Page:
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Tuesday, December 07, 2004

The Bard Of Boston

Yes he’s at it again. Pat Kenealy, CEO of IDG, shocked organisers at last week’s Digital Magazine Forum with a “warts’n all” appraisal of the progress (or lack of it) of digital magazines.

They can’t say they weren’t warned – three months ago he laid into the major search engines at a similar conference – and is rapidly acquiring a reputation for er “speaking his mind”.

The Register has some good coverage of what he had to say, but in their analysis they miss a fundamental point.

Namely, that Kenealy’s comments were aimed squarely at competitors ; and Ziff Davis in particular.

"The technology is being over-used by a few”, he opined, no doubt aware that his audience included several Ziff staffers and of course top brass from Zinio.

IDG’s relationship with Zinio is interesting, given that so many of its (Zinio’s) top management are ex- Ziff. And Kenealy hasn’t been slow in the past to point this out –for instance this from Mediapost…

“Kenealy, whose company publishes IT-professional-targeted titles like
Computerworld and Macworld, has been telling anyone who will listen that rival
publisher Ziff Davis is misleadingly pumping up its rate base for PC Magazine by
giving away free digital subscriptions. Kenealy even claims that Ziff Davis is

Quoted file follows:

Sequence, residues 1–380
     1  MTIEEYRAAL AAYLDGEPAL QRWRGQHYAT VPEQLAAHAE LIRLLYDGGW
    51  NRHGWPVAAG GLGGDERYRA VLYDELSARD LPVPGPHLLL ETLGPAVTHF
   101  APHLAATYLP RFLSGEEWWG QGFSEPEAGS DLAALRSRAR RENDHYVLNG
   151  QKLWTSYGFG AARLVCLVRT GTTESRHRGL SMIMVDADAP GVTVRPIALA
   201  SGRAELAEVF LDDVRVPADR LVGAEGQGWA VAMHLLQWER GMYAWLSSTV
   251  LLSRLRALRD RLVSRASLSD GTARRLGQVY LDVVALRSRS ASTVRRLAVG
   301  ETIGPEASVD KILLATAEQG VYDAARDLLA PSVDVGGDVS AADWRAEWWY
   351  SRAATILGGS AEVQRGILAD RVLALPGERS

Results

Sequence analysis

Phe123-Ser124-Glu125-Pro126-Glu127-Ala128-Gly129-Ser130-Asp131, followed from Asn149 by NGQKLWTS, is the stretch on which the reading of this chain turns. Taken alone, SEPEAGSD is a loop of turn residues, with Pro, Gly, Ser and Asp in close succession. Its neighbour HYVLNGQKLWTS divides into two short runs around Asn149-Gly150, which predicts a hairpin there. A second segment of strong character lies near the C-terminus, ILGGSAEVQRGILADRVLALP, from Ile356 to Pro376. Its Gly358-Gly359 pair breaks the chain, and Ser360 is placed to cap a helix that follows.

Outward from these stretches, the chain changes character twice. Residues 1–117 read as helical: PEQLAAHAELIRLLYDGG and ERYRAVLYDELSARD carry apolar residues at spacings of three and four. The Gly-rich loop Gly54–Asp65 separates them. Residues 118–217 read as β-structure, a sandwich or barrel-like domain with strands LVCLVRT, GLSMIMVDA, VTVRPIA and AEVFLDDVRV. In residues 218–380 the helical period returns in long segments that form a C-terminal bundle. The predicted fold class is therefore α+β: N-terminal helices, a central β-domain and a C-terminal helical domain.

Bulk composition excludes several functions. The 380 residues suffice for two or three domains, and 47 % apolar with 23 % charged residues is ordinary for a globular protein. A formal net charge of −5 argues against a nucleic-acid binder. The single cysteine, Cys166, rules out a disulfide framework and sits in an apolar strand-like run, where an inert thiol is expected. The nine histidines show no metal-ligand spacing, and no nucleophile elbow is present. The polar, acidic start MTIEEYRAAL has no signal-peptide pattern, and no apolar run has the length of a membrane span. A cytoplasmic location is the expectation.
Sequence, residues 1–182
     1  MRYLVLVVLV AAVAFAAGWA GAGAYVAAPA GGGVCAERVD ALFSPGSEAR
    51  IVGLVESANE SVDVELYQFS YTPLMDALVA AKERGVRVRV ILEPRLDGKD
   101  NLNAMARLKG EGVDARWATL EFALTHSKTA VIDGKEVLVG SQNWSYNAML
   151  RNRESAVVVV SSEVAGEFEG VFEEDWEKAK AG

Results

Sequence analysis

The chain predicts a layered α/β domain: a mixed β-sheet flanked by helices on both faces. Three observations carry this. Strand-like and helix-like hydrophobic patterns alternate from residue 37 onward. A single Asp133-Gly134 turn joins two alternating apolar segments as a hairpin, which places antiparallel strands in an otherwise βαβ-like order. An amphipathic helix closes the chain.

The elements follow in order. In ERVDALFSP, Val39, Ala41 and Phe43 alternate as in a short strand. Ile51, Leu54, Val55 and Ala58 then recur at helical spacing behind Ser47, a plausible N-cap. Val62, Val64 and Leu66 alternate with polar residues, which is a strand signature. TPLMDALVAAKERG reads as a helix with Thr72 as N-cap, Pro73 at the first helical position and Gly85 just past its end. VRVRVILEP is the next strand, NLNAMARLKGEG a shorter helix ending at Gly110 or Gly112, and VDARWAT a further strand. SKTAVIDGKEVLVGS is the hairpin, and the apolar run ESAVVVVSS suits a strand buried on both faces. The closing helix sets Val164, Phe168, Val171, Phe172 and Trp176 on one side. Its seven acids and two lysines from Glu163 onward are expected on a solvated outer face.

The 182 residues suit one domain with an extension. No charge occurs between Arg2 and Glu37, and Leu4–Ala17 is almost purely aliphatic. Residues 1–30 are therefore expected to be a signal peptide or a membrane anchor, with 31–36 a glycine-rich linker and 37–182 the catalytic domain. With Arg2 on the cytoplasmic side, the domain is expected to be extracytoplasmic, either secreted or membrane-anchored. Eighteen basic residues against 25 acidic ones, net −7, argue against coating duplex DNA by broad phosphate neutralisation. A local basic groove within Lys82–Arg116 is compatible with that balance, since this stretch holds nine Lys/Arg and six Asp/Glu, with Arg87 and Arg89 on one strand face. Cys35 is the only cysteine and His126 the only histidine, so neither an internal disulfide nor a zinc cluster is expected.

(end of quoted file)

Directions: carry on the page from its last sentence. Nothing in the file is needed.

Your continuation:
taking advantage of a cozy relationship with former employees to facilitate the

IDG's gripe is that Ziff Davis is using sponsored or partner-paid
subscriptions, a common, though often criticized practice in the print world, to
provide consumers free subscriptions as part of larger purchases or in exchange
for personal data. Kenealy has a problem with Ziff's giving away digital
subscriptions in this manner because of they way they are tracked. “

Still, there is one area of his speech that was spot on, when he was talking about standards, and in particular the danger to the industry if there wasn’t some agreement.
He compared the fledgling digital magazine sector to the state of the laser printer market some years ago.

I’d go further – the industry is in some ways more like the automotive market, if every make of car ran on different types of petrol. Vendors need to sit down and agree some basic standards for auditing, advertising sizes etc, or the whole thing runs the risk of presenting as united a front as the current DVD debacle.

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